Vienna seems to have it all. Just when I thought I had figured this city out, it throws me for a loop. This is a good thing of course, because it means that no matter what your particular interest is, Vienna has enough to keep you busy and continually curious.
I spent three days immersing myself in Viennese culture and I only began to scratch the surface.
Here are 5 Fanatical Ways to Visit Vienna
1) The Downtown Hipster
During my half day tour with my local guide, I was surprised to discover an entire area devoted solely to colorful street art, late-night clubs and hip outdoor bars along the Danube Canal.
While the rest of Vienna is significantly more posh, I was surprised that despite the graffiti covered walls, the park and walkways were essentially spotless. During the day people were biking, lazily walking with friends or working on a new graffiti piece.
I’m guessing that vibe changes come nightfall but if you are looking for a more urban-themed Vienna, this is your best bet. Strandbar Herrmann has deckchairs, hammocks, sand and a popular weekend brunch while Tel Aviv Beach serves up Israeli cuisine. For more traditional Viennese dishes, head to Vienna Schützenhaus.
2) The Uninspired Architect
Vienna is comprised of one architectural wonder after another so I can’t imagine anyone leaving here without feeling at least a little inspired. If you pop by the local tourism office you can ask about specific architectural walking tours, which is easily done on your own or in a group. I would recommend starting in the inner city of Vienna, which is where many of the city’s main attractions are located and then branching out from there depending on your interest.
If your prime focus is on Art Nouveau, there are several Gothic and Baroque buildings throughout the city in addition to more modern residential buildings. Everything is in the details, so take your time and try your best not to feel rushed. I really gravitated toward Vienna’s statues, as I found them very emotive.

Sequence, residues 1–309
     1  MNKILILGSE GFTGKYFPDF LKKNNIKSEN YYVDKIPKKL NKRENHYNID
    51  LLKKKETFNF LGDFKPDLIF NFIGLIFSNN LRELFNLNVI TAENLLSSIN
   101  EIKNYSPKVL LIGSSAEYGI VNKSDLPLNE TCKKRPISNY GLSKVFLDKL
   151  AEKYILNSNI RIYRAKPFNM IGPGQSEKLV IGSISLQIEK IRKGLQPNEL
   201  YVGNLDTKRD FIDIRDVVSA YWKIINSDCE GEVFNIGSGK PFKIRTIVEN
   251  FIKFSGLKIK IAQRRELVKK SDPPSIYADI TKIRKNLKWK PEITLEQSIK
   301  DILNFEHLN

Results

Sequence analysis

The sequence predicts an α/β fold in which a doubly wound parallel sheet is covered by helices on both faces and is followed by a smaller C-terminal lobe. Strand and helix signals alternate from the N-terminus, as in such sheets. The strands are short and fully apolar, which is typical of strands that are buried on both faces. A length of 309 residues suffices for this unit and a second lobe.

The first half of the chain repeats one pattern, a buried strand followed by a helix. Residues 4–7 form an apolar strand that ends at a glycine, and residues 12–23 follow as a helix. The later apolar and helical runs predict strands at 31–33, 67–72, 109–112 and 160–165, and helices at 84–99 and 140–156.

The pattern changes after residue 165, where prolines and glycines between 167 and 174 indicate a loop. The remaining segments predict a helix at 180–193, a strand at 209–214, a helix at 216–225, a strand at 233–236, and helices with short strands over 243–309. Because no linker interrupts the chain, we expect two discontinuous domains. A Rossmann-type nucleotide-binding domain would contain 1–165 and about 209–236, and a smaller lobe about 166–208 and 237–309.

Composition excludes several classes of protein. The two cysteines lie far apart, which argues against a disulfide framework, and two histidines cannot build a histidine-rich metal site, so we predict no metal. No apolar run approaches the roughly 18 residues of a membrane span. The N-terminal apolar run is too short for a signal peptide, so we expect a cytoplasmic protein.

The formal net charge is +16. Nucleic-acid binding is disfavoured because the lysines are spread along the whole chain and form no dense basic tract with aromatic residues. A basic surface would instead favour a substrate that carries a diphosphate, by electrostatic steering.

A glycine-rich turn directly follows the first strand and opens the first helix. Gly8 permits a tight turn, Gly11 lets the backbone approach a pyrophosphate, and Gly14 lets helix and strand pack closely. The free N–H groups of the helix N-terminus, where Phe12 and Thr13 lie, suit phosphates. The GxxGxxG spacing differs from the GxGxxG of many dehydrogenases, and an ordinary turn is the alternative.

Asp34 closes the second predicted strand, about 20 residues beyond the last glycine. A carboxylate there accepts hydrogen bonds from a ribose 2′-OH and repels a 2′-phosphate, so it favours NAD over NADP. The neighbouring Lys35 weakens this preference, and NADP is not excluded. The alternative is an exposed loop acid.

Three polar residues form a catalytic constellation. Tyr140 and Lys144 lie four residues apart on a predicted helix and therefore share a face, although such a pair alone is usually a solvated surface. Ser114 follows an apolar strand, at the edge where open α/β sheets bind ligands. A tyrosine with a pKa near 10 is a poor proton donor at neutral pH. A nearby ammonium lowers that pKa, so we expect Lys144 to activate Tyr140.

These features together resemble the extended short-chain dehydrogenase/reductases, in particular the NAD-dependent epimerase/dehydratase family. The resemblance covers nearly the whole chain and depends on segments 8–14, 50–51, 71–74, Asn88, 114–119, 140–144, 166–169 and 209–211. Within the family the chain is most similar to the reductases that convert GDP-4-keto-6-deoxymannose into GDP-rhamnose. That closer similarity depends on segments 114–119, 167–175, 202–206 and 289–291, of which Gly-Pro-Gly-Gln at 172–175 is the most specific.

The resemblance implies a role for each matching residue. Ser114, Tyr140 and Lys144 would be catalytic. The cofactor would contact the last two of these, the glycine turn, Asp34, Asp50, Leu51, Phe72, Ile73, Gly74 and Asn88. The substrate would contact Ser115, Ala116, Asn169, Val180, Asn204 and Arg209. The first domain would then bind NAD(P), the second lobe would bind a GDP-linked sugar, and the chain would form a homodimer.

3) The Whimsical Princess
If you’ve ever dreamed of being a princess (or assumed you always were) you can really feel royal in Vienna. Schönbrunn Palace can probably best be compared to Paris’ Versailles – or at least that’s what the locals say. I chose to stick to the Carriage Museum and spend the rest of my time wandering around the spacious and extremely beautifully designed gardens. There’s also the Hofburg Palace in the city center where you can learn more about Habsburg history.
If you walk toward the top of the hill, you get an amazing birds-eye view of Vienna. The gardens are free to all visitors and tickets to various museums within the grounds range from 10, 50-15,50 Euros for adults depending on which option you choose.
4) The Book Worm
I’m a self-proclaimed book worm so I made sure to visit the The Austrian National Library, which is also the largest library in Austria. Ever since watching Beauty & the Beast, I’ve been obsessed with huge libraries, often choosing Bryant Park as my unofficial office when I’m home. The library is located in the Hofburg Palace and requires a small entrance fee.
If you are actually looking to buy a book or two, literary nerds should go straight to Shakespeare & Company Booksellers. This was on my “to-do” list but I actually stumbled upon the shop by mistake. I was lost and then all of a sudden Shakespeare was staring at me in the most peculiar fashion. I’m just kidding but this store does have a lot of books despite its small size.
5) The Art Connoisseur
It’s no surprise that Vienna is an ideal destination for art lovers. A safe bet is to start at the Museums Quarter. There are several options to choose from and their close proximity to each other is extremely convenient. The buildings are designed in a combination of baraque and contemporary architectural styles and the outdoor space becomes a meeting spot for locals throughout the day and especially in the summertime. There are comfortable chairs and several bars and restaurants around the square if you need a break between your museum hopping.
Another major attraction is Belvedere, a complex consisting of two Baroque palaces (Upper and Lower), an Orangery and the Palace Stables. My main motivation for visiting Belvedere was to view Klimt’s The Kiss. I’m usually not blown away by museum exhibitions but I could not stop gazing upon this his famous masterpiece. Something about the colors and the intensity of the lovers’ embrace captivated my emotions so much that I could not move from that spot for a good twenty minutes.